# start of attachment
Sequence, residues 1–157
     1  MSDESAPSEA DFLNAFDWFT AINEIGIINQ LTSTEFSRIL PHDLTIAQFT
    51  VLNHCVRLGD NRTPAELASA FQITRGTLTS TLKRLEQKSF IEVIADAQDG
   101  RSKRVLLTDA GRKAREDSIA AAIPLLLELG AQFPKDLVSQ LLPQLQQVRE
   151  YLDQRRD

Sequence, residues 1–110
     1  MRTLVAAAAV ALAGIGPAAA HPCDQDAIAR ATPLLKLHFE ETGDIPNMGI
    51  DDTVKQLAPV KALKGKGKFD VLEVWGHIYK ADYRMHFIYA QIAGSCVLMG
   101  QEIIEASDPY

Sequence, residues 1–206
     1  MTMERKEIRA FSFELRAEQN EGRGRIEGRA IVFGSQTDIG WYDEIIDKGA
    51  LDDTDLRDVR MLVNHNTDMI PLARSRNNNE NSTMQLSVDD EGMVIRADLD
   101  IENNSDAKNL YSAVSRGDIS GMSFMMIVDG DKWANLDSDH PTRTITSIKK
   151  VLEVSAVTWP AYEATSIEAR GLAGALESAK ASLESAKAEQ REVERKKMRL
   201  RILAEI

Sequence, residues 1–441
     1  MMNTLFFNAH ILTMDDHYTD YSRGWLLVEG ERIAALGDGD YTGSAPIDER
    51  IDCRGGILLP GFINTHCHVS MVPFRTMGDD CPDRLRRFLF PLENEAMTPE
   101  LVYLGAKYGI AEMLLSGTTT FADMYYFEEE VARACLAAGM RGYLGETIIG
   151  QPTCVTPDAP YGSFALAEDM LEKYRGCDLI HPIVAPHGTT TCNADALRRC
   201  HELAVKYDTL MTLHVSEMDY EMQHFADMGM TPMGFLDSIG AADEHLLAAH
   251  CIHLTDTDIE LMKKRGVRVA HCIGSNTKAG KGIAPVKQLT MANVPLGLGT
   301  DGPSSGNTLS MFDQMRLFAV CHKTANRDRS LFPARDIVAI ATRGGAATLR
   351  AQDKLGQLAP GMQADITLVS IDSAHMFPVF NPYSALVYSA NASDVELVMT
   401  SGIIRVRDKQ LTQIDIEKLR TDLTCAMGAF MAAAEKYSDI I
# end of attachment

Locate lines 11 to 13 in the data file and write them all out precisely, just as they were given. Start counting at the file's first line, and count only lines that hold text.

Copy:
     1  MTMERKEIRA FSFELRAEQN EGRGRIEGRA IVFGSQTDIG WYDEIIDKGA
    51  LDDTDLRDVR MLVNHNTDMI PLARSRNNNE NSTMQLSVDD EGMVIRADLD
   101  IENNSDAKNL YSAVSRGDIS GMSFMMIVDG DKWANLDSDH PTRTITSIKK